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NJ Stay-at-Home Order is Reducing GHG Emissions

April 15th, 2020 by

New Jerseyans are staying at home — and reducing greenhouse gas emissions

No carsOn March 21st, the order went out to the whole state of New Jersey: Stay at home to the greatest extent possible. The order meant to help suppress the spread of the COVID-19 virus by minimizing person-to-person contact. New Jersey was one of the earliest states in the nation to issue statewide school-closing and stay-at-home orders, according to the University of Washington’s Institute for Health Metrics and Evaluation, which has been tracking state government efforts to slow the spread of the virus.

New Jersey’s citizens have risen to the challenge. According to the traffic data analysis consultant INRIX, which has been monitoring the decline in travel volumes across the country in response to states’ physical-distancing orders, New Jersey is #1 in staying at home, notching a 63 percent drop in statewide personal vehicle travel as of last week, when compared to the baseline week of February 22nd.

Obviously, a major component in achieving such a dramatic reduction in vehicular travel is having as many people as possible work from home. New Jersey was not previously a national leader in telecommuting; as of the 2017 one-year American Community Survey, only 4.6 percent of employed New Jersey residents worked at home, compared to 5.2 percent nationally, and far behind Colorado, Oregon, and Vermont, all of which have rates exceeding 7 percent. In a sense, New Jersey had more room for improvement on this score than a lot of other states.

One side benefit of all of this non-driving is cleaner air, thanks to fewer cars on the road. Whether it’s drone footage of virtually empty streets in Philadelphia, or a dashboard-cam cruise around some of New York’s iconic (and now-deserted) streets and intersections, or stories about blue skies over famously-smoggy Los Angeles or Delhi, India or major Chinese cities, popular media outlets are enjoying pointing out what major cities look like when stripped of their traffic and the pollution it creates.

Besides producing fewer particulate pollutants of the kind that result in smog, the big drop in car travel also means less CO2 is being pumped into the atmosphere. This point is less obvious from photographic and video evidence, since CO2 doesn’t visibly make the air dirtier, isn’t directly harmful to breathe, and is not what many people traditionally think of as a “pollutant.”

But CO2 is the most plentiful of the greenhouse gases (GHGs) that trap heat in the atmosphere and lead to climate change and sea-level rise, which pose particular risks to coastal states like New Jersey.  And the transportation sector accounts for the biggest share of total GHG emissions, both nationally, where it contributes 29 percent of all GHG emissions, and in New Jersey, where it is responsible for an even higher 42 percent of the total. Most transportation emissions are a byproduct of moving people and things from one place to another, mainly by car and truck.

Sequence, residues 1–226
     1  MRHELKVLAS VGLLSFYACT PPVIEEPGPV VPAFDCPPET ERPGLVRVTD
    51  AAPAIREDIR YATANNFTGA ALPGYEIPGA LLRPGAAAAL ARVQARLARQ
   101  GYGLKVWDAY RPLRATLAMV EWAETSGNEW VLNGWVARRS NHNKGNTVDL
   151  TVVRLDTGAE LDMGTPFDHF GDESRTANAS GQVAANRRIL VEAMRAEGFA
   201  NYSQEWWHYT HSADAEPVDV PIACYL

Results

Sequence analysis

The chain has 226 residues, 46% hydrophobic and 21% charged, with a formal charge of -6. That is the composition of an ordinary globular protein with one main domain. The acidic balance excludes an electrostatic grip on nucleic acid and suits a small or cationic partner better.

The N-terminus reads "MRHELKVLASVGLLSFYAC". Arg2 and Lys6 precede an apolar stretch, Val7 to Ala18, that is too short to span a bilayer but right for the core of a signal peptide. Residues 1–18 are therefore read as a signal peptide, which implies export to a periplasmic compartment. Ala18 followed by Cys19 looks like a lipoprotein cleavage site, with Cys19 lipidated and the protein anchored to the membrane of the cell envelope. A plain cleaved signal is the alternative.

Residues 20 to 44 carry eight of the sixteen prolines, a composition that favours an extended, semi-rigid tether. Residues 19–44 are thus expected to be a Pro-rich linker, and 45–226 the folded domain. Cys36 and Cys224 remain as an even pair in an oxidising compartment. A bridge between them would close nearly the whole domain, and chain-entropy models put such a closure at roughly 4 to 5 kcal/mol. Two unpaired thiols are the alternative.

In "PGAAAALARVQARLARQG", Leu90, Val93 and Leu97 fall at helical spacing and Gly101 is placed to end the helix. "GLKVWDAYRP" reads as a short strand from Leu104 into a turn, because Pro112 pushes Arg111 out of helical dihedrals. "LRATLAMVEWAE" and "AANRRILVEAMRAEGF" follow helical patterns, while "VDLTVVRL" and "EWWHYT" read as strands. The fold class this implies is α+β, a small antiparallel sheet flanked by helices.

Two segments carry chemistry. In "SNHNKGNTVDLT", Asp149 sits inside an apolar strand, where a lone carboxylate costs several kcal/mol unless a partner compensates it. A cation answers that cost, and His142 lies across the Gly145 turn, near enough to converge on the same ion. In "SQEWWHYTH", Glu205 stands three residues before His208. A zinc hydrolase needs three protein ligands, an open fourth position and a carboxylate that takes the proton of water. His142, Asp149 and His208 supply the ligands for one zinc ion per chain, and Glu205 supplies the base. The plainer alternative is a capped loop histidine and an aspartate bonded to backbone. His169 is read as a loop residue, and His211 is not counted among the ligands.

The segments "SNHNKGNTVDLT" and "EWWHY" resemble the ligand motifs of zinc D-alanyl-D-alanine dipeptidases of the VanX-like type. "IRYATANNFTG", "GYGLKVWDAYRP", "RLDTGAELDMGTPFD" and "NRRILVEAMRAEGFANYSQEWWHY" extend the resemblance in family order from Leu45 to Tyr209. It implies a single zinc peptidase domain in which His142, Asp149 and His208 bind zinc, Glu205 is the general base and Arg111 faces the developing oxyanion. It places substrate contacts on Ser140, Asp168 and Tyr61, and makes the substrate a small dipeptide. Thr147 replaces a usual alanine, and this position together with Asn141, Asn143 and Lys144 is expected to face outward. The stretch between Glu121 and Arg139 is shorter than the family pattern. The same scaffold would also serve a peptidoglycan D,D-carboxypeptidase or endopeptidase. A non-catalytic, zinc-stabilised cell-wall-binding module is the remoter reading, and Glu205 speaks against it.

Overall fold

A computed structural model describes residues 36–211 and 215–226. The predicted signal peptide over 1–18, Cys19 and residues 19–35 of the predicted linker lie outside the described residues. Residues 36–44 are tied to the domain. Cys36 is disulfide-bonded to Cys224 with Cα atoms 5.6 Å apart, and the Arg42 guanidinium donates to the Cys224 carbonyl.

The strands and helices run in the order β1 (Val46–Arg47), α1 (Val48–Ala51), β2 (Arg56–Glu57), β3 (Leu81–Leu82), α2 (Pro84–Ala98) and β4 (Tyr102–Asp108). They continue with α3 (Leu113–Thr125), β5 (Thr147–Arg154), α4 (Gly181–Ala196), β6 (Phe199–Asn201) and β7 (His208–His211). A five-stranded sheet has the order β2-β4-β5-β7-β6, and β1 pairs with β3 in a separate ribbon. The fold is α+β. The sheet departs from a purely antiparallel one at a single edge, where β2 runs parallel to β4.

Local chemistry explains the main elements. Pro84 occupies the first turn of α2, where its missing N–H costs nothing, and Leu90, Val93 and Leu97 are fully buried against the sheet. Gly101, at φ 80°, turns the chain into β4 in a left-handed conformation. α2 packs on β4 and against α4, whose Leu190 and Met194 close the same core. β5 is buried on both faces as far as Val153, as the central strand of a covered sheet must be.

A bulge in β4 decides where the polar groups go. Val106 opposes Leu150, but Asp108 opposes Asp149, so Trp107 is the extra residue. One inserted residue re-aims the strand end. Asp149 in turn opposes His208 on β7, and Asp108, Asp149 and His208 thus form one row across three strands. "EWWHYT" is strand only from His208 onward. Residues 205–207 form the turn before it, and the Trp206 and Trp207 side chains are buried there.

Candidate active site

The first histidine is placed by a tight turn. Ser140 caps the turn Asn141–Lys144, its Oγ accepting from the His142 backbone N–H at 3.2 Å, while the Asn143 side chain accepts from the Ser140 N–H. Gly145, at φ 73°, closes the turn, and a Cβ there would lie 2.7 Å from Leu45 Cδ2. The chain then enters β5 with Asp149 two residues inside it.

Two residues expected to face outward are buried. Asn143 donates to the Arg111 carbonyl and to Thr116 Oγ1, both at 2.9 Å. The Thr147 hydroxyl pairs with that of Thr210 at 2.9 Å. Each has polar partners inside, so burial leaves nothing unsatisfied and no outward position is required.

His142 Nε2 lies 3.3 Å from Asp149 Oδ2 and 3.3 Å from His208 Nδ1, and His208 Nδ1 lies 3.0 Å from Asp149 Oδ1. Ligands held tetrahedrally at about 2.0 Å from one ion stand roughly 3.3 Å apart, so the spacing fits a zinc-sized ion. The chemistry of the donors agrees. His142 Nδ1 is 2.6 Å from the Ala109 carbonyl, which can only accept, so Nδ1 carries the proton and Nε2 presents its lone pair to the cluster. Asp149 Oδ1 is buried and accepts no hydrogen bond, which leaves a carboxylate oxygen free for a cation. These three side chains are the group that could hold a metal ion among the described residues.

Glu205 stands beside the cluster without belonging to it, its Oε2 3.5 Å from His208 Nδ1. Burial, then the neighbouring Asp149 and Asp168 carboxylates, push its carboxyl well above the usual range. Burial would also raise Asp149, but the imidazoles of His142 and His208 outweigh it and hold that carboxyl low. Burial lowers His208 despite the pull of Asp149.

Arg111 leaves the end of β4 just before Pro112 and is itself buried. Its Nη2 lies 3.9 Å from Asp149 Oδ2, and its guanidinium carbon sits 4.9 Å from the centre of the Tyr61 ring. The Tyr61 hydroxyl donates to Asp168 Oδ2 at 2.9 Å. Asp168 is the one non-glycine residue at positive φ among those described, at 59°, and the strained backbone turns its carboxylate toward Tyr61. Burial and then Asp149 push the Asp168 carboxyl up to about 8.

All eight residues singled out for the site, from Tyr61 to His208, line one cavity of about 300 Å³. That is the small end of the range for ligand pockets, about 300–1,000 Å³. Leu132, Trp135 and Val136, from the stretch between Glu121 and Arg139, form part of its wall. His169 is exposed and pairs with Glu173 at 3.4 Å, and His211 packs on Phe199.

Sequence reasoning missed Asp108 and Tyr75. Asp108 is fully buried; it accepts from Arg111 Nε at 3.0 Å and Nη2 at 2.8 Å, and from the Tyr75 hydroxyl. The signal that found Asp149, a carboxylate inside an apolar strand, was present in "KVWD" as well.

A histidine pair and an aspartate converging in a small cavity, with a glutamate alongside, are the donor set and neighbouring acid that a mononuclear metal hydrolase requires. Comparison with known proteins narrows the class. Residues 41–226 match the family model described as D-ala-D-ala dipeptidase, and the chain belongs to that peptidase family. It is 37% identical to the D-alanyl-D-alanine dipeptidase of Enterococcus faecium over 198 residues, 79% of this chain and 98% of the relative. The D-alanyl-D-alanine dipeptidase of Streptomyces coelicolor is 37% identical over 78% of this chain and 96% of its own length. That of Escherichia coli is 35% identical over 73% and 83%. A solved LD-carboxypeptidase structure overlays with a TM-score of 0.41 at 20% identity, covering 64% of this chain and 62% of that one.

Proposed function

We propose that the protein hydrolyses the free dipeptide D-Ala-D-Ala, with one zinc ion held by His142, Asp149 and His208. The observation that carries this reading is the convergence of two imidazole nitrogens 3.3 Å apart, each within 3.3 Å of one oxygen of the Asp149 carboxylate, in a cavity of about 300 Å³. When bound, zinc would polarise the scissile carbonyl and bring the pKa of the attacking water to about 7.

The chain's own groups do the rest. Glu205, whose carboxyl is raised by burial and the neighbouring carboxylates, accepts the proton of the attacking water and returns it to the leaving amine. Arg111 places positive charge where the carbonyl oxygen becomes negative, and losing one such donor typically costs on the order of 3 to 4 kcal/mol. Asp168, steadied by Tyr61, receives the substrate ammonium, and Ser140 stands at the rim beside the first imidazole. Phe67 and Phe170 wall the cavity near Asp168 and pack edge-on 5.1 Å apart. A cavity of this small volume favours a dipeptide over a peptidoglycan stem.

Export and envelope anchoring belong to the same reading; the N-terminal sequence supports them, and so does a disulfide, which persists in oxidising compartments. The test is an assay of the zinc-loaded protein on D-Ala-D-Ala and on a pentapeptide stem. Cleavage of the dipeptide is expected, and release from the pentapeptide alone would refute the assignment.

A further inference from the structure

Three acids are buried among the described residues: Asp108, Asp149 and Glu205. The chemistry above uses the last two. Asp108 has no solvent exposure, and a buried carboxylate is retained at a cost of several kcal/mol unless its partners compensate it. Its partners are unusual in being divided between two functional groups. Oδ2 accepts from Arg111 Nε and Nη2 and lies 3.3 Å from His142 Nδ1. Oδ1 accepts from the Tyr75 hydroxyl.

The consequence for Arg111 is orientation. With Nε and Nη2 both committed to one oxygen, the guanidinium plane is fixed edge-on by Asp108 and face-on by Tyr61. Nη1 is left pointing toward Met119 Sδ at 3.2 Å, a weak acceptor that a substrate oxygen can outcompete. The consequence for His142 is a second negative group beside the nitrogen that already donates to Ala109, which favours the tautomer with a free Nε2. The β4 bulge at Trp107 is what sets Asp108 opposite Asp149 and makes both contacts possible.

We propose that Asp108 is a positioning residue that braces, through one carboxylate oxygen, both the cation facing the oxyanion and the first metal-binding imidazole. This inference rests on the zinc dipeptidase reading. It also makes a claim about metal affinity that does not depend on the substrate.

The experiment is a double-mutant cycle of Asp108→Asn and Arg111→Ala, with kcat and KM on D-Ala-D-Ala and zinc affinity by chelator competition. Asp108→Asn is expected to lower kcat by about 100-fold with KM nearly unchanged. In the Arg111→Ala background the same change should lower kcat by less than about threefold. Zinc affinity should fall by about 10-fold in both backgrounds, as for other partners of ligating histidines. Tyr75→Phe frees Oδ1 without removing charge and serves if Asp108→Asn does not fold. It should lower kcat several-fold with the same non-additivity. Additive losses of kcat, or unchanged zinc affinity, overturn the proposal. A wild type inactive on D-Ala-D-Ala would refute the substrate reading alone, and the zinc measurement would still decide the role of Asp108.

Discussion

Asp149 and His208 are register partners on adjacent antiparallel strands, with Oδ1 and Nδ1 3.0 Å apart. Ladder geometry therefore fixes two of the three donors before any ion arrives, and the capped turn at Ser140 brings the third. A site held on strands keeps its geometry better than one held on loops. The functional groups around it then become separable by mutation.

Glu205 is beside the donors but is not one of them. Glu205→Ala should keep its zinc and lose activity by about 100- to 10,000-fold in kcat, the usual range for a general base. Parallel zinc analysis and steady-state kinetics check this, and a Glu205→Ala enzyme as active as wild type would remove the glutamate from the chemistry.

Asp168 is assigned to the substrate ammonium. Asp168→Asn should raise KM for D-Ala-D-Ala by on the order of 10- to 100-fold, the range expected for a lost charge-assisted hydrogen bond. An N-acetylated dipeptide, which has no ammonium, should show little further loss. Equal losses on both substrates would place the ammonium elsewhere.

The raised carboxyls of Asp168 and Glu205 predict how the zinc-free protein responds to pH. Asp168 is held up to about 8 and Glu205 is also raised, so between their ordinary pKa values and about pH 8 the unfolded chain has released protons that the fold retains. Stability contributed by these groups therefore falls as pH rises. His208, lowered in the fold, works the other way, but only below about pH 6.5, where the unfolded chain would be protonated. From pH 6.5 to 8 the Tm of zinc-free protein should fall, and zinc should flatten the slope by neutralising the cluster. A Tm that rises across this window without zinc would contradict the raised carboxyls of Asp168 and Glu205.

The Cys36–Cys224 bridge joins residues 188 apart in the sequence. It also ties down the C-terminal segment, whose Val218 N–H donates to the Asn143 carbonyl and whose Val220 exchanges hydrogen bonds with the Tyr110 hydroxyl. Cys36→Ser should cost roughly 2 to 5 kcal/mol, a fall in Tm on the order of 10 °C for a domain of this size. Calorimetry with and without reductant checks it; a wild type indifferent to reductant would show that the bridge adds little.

Reducing vehicle-miles traveled (VMT)—the amount of driving being done by all those cars and trucks—is thus an important strategy for reducing GHG emissions. A land-use approach to reducing VMT entails building things closer together, reducing the distances required to travel among destinations. It means creating more compact, walkable, mixed-use and transit-connected places, where some trips can be taken on foot or by public transit, and where trip distances are shorter for trips that are still taken by car.

Working from home is also, as the INRIX data illustrate, an effective strategy for reducing VMT. When home and work—the two most frequently visited destinations for the average employed person—are merged into the same physical location, the distance required to travel between them is reduced to zero. Consider that if every regular car commuter in New Jersey were able to work from home just one day a week, this would cut work-related VMT—and its associated GHG emissions—by 20 percent. This would amount to a reduction in GHG emissions equivalent to having 20 percent of the workforce commuting in electric vehicles, which right now remains a highly aspirational and ambitious goal.

Electrifying 20 percent of the vehicle fleet is not going to happen overnight. But New Jersey has achieved, practically overnight, an even more dramatic reduction in vehicular emissions. It can be done, and we did it without changing anything about the vehicle fleet or the road network. Of course, this dramatic reduction has happened as a consequence of a broader containment effort that has imposed significant economic costs and significant disruptions to people’s daily lives. But when the immediate COVID-19 danger has receded and things begin to return to normal, it is worth discussing how much of our normal work-related VMT is really necessary, after all.

It is worth discussing how much of each person’s work actually needs to be done on site, and how much can be done remotely. It is worth discussing how many staff meetings require everyone to be in the office and how many could be conducted via video conferencing apps, the use of which has experienced meteoric growth compared to pre-pandemic levels. It is worth discussing how much of our economic output could potentially continue to chug along without nearly so much driving.  Besides fostering more compact, walkable land development patterns and electrifying vehicle fleets, telecommuting deserves a serious look as a longer-term GHG reduction strategy.

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